why are freshwater habitats important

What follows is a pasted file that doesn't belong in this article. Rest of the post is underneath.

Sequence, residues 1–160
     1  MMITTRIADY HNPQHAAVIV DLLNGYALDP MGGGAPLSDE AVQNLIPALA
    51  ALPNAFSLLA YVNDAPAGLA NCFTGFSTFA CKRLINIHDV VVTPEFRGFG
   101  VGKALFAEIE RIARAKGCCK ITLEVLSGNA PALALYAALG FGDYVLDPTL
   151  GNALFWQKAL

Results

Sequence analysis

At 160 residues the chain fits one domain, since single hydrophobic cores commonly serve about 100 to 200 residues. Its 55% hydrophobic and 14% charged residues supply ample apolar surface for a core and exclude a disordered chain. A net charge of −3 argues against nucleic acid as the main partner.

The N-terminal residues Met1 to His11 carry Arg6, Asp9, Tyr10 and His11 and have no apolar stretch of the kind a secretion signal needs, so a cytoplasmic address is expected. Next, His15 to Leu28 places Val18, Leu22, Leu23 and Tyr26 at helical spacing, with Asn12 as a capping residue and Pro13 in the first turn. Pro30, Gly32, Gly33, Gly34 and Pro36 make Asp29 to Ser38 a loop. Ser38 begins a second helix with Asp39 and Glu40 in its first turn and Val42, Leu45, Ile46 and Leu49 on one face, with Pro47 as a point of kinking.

Importance of freshwater habitats. Estuaries are important natural places. Freshwater wetlands. We rely on rivers for drinking water, irrigation, and more. Some of these are unique to New Zealand and often highly specialised to the habitats they are found in. Why are wetlands important? Freshwater wetlands are an important habitat for fish, invertebrates, plants, and birds. Freshwater biodiversity is the over-riding conservation priority during the International Decade for Action – ‘Water for Life’ – 2005 to 2015. Only 3% of the world's water is freshwater; that's all we have for drinking, cooking, and cleaning. Fresh water makes up only 0.01% of the World's water and approximately 0.8% of the Earth's surface, yet this tiny fraction of global water supports at least 100000 species out of approximately 1.8 million – almost 6% of all described species. However, freshwater species are going extinct more rapidly than terrestrial or marine species. 44% of Scotland’s internationally important blanket peat bog was lost to afforestation and drainage from the 1940s to the 1980s. Over 10% of our freshwater and wetland species are threatened with extinction in the UK, and we’ve lost 90% of our wetland habitats in the last 100 years. In addition to essential habitats for birds, fish, insects, and other wildlife, estuaries provide goods and services that are economically and ecologically indispensable, such as commercial fishing and recreational opportunities. Freshwater ecosystems contribute to biodiversity, the economy, recreational opportunities, cultural significance and our well-being. Access to fresh water is also important for economic development. A pond can be defined as a body of water (normally fresh water, but occasionally brackish), which can vary in size between 1 square meter and 2 hectares (this is equivalent in size to about 2.5 football pitches), and which holds water for four months of the year or … The reasons for this dramatic loss include unsustainable farming and development practices, urbanisation and … Freshwater environments have been mismanaged, leading to pollution, drying rivers and damaged habitats. In the last century we’ve lost so many of the world’s wetlands and their wildlife. Most Americans live within a mile of a river or a stream. Why are freshwater habitats important? The wetlands support a diversity of plant communities including trees, rushes, reeds, or floating and submerged aquatic plants. We believe it’s possible to meet the freshwater needs of both people and nature – if water is managed wisely. They provide feeding, spawning and/or nursery areas for many species of freshwater fish. For example, freshwater sources enable the development of fisheries. Over 140,000 described species – including 55% of all fishes – rely on freshwater habitats for their survival. Wetlands are valuable for flood protection, water quality improvement, shoreline erosion control, natural products, recreation, and aesthetics. People around the world harvest fish from these habitats, providing enough animal protein to feed 158 million people worldwide. Providing a home for fish, plants, animals, and people, rivers are essential for the survival of many species—including our own. Conservation for wildlife Species diversity. Freshwater species are important to local ecosystems, provide sources of food and income to humans and are key to flood and erosion control. * Sources include State of Nature 2013, Wildlife Trusts and Freshwater Habitats Trust. Freshwater habitats are extremely important to humans. Freshwater is used by a wide variety of native plants and animals. Freshwater habitats face a multitude of threats, but it's not too late to save these environments.
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